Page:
AKA: Eagles Building, Downtown, Seattle, WA

Structure Type: built works - public buildings - assembly halls; built works - recreation areas and structures

Designers: Bittman, Henry W., Architect and Engineer (firm); Callison Architecture, Incorporated (firm); Sellen Construction Company, Incorporated (firm); Henry W. Bittman (architect/structural engineer); Anthony Callison (architect); John Henry Sellen Sr. (building contractor/civil engineer)

Dates: constructed 1924-1925

7 stories

1416 7th Avenue
Downtown, Seattle, WA 98101

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The Eagles Building's street address has also been recorded as 1406 7th Avenue and 700 Union Street.

Building History

This was the largest Eagles meeting hall when built in 1924-1925. It stood seven stories tall, and contained retail storefronts and a large auditorium for meetings and other events. Architect Henry Bittman (1882-1953) sheathed the Renaissance Revival building in terra cotta, an inexpensive but decorative cladding material. Terra cotta skins were especially popular for buildings erected between 1905-1930.

Building Notes

The Eagles Building stood on property once occupied by the Dreamland Dance Hall. The Eagles, a fraternal organization founded in Seattle, WA, was formed in 1898 as the "Seattle Order of Good Things." It was later rechristened the "Fraternal Order of Eagles" by 04/1898. Its origins lay in a meeting six Seattle theatre owners had at Moran's Shipyard in Seattle, to discuss the details of musicians' strike that affected them all. They decided to take a united stance with the musicians, and, at the same time, to form a benevolent group dedicated to mutual cooperation and public works. Seattle resident John Cort (c. 1861-1929), who built one of the first national theatre chains, served as the first President.

A key element of the Eagles' success was its free health care and funeral benefits. The organization paid its members weekly payments if they were sick and could not work. The Eagles web site summarized: "The organization's success is also attributed to its sick and funeral benefits (no Eagle was ever buried in a Potter's Field), the provision of an aerie physician and many other benefits." These rare health care benefits (for the Eagle and his family) made the group very enticing to various classes living without any social safety net or insurance. This enlarged it to over 350,000 members in 1800 lodges within 10 years. "Touring theater troupes are credited with much of the Eagles' rapid growth. Most early members were actors, stagehands and playwrights who as they toured, carried the Eagles story across the United States and Canada." (See Fraternal Order of Eagles, "Aerie History: Fraternal Order of Eagles: More Than a Century of "Good Things," accessed 08/04/2011.) In the early 20th century, before Franklin D. Roosevelt's New Deal filled gaps in social services, fraternal groups and other organizations, like labor unions, provided their working class members with benefits such as insurance, health care and affordable housing.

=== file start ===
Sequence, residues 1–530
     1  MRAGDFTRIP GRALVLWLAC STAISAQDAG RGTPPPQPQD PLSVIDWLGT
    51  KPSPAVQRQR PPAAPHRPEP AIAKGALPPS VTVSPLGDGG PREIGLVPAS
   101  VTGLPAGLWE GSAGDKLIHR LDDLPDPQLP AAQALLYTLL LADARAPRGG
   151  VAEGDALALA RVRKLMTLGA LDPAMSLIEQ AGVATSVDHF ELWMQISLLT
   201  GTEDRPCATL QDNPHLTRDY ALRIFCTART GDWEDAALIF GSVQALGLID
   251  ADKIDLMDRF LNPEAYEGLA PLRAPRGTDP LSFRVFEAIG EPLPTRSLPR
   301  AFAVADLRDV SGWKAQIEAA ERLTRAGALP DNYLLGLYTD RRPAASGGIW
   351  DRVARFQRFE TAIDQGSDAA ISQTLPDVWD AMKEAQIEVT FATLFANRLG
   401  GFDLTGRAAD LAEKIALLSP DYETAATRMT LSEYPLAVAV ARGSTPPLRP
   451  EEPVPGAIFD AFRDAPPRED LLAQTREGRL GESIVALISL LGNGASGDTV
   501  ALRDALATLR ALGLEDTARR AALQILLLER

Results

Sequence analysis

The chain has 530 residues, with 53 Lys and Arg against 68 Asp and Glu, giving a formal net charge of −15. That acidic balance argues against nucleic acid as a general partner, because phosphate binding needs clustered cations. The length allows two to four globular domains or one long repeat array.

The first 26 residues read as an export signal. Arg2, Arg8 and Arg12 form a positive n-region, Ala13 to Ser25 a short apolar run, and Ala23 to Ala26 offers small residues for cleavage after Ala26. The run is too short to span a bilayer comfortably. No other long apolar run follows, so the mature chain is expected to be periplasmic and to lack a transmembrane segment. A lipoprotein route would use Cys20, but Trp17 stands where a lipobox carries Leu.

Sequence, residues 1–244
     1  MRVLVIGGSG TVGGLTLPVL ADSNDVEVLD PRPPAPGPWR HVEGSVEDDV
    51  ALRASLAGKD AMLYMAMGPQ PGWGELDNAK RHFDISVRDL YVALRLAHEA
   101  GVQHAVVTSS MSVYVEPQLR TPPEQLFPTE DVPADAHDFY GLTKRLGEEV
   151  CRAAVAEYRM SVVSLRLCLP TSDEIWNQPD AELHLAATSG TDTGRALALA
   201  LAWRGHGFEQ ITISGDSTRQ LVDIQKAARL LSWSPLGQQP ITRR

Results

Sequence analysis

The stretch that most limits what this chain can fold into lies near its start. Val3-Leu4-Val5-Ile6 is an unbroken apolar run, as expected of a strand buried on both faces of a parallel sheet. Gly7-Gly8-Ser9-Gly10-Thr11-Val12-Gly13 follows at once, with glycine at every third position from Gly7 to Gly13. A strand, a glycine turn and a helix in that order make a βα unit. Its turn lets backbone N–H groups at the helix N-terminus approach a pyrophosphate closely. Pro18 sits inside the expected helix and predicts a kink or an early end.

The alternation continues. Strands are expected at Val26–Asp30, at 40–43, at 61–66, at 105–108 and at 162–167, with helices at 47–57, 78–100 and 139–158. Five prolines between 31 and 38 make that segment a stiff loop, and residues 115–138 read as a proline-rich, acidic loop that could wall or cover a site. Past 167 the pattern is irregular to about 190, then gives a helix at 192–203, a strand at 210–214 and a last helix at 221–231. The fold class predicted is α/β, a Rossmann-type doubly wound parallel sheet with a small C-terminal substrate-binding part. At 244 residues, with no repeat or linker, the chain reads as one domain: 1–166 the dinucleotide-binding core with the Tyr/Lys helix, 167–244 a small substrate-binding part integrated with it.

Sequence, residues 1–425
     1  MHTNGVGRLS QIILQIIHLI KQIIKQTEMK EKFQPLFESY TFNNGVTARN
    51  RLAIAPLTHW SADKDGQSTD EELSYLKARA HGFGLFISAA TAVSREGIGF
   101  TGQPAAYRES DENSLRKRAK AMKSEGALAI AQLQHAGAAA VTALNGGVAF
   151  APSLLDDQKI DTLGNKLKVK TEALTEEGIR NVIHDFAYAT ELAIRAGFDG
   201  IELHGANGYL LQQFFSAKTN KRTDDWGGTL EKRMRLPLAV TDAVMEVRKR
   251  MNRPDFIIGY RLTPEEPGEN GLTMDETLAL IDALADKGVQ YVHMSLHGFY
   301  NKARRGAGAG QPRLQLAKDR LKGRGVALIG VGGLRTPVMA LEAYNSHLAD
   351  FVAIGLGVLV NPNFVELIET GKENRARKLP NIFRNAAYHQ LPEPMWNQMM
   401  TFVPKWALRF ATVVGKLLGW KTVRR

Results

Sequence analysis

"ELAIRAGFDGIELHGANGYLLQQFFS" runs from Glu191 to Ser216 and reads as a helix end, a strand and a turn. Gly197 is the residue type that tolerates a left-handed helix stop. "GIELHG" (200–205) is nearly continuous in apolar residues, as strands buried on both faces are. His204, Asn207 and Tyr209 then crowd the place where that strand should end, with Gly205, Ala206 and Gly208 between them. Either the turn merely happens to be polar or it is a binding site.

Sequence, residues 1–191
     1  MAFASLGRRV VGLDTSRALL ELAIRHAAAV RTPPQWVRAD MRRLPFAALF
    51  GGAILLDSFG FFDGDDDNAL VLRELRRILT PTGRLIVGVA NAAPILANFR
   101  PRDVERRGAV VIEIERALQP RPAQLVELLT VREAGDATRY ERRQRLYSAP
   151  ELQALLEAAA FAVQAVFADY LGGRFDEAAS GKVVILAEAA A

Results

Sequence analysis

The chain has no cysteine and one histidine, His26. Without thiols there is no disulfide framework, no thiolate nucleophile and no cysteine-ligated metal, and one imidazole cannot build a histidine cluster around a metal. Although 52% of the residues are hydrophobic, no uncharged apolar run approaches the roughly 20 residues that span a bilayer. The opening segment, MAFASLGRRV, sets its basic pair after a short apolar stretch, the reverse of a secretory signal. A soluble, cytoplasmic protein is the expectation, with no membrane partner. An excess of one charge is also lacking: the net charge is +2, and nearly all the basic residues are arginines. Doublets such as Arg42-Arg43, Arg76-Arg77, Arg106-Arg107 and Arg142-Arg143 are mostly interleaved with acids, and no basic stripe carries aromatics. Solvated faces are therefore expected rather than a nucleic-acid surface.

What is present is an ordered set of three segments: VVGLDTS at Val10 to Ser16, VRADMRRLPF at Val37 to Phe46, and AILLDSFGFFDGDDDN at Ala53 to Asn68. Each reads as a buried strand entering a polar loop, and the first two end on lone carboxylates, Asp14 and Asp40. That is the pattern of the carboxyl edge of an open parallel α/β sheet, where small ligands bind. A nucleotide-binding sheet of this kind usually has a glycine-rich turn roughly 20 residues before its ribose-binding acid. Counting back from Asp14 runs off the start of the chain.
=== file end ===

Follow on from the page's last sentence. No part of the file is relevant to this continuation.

It was later renovated to house Seattle's A Contemporary Theatre (ACT) headquarters. alterations occurred in 1980. A renovation campaign 06/1995-09/1996 hoped to raise $28.15 million to renovate the Eagles Auditorium for use by ACT. Callison Architects' Seattle Housing Resources Group served as Architects for this 1995-1996 effort. Callison redesigned the Eagles Grand Ballroom into an arena stage; below this, a thrust stage with 390 seats was planned. In the space once occupied by a restaurant, an alternative cabaret/black box theatre was devised for the the lower level of the building. Entrances on 7th Avenue and Union Street were renovated, and spaces were found within the building to serve as rehearsal room, and scene, prop, and paint shops.

The American Conservatory Theatre (ACT) began to utilize the Eagles Building's Auditorium as its main performance venue in 1995.

PCAD id: 16750